Kathie: How did they get the pins out? Did they spin them around like you do with a shish kebab, and just pull them out? It seems like that would really hurt.

    Lieve: Yes, that's what they did. And you do feel it.

    Kathie: After they removed the pins, could you start skating immediately?

    Lieve No.

    Kathie: How much recovery time was left?

    Lieve I could not use my fingers to type properly for several weeks after the pins were removed, and I could not do many other things. To open a bottle I couldn't. To open a door with a key I couldn't. I spent time with a physiotherapist, but there were many things I couldn't do during the first weeks.

    Kathie When were you able to start skating again?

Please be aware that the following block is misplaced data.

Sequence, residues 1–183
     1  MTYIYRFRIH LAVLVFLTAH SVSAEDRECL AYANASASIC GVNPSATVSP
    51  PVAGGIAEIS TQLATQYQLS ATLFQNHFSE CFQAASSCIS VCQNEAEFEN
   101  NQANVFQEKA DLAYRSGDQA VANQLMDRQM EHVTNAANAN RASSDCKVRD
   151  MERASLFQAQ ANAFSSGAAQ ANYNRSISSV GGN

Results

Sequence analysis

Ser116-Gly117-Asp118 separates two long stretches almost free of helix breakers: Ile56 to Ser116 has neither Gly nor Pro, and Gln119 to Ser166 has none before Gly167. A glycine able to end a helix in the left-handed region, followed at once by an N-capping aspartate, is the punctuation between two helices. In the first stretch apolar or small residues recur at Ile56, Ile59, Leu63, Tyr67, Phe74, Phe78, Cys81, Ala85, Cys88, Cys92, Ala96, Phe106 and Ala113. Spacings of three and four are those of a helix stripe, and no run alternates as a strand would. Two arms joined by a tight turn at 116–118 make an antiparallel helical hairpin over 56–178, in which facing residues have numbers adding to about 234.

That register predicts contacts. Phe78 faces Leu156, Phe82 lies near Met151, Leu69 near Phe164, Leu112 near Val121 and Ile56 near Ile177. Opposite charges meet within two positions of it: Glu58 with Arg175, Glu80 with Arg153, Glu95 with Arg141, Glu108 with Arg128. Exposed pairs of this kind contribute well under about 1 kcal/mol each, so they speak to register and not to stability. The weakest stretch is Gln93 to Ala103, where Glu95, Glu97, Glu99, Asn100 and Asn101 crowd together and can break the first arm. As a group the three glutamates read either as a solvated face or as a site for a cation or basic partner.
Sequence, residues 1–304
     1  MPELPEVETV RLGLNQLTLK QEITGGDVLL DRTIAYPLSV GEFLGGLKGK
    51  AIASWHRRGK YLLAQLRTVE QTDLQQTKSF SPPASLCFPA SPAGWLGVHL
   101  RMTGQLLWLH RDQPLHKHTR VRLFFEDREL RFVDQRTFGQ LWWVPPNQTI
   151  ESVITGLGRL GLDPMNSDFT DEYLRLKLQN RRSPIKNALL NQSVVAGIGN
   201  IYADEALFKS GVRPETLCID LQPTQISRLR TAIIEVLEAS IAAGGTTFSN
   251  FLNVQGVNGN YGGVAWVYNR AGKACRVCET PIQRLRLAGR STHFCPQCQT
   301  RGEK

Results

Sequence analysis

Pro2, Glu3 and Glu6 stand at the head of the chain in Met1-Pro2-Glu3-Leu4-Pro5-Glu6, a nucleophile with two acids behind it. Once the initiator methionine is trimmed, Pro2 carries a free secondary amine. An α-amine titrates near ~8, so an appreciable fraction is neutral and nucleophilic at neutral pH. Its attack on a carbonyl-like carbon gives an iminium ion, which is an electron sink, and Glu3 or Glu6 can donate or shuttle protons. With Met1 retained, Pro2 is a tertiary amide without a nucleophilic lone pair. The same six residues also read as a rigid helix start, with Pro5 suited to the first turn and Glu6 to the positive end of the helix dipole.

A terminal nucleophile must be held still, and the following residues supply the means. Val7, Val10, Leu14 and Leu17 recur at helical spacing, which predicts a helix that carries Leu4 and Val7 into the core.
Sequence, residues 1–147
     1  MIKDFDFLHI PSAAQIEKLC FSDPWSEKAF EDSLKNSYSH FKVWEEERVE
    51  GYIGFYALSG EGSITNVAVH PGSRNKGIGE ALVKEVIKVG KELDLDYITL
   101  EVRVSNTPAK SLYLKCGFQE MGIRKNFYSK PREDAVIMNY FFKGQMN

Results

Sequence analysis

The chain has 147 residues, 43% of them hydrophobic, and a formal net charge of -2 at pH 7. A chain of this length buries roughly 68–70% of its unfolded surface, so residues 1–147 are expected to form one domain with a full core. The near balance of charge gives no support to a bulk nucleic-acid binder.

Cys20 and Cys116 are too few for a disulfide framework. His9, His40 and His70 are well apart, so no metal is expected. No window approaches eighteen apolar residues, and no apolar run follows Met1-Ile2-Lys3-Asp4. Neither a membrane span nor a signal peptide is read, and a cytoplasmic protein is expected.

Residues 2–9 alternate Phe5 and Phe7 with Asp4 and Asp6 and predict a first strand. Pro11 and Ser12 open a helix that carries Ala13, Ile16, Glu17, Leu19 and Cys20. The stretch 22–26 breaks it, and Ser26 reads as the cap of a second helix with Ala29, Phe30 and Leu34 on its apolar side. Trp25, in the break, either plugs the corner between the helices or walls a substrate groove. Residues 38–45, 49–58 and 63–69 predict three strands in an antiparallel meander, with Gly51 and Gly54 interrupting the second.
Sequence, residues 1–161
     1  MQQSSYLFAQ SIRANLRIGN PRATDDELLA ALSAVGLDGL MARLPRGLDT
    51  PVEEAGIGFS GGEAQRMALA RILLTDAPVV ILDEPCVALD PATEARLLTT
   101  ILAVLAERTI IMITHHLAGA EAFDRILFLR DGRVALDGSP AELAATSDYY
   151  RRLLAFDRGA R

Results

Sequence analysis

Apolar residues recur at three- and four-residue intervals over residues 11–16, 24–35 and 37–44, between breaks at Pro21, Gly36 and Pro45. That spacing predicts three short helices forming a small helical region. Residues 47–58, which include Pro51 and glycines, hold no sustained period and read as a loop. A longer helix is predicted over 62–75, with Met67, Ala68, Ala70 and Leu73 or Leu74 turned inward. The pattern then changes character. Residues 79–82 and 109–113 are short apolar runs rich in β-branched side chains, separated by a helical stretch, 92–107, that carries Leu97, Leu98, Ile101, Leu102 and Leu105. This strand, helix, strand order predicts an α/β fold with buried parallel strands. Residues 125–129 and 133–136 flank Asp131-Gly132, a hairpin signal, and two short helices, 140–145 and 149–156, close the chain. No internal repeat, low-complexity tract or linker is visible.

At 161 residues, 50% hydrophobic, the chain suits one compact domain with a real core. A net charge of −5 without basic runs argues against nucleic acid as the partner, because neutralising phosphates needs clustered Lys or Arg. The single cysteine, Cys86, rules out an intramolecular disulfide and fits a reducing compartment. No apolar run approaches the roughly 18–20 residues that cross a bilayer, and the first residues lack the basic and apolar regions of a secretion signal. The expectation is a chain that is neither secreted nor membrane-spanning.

Lieve I'm still not skating!

    Kathie Lieve!!!!

    Lieve I know it's been four months since my injury, but two weeks after I had the pins removed they discovered some serious problems.

  • More of This Interview
    Part 3: Complications
    Interview Introduction

    In Part 3 of This Interview, Lieve talks about the serious complications that followed her broken arm surgery and why she is still not able to skate 5 months after her injury.

    Lieve Lissens
    Lieve Lissens
    (Injured Skater)

    Kathie Fry
    Kathie Fry

    Related Links
    Lieve Lissens Bio and Photo
    More About Skating in Belgium
    More About Skating Injuries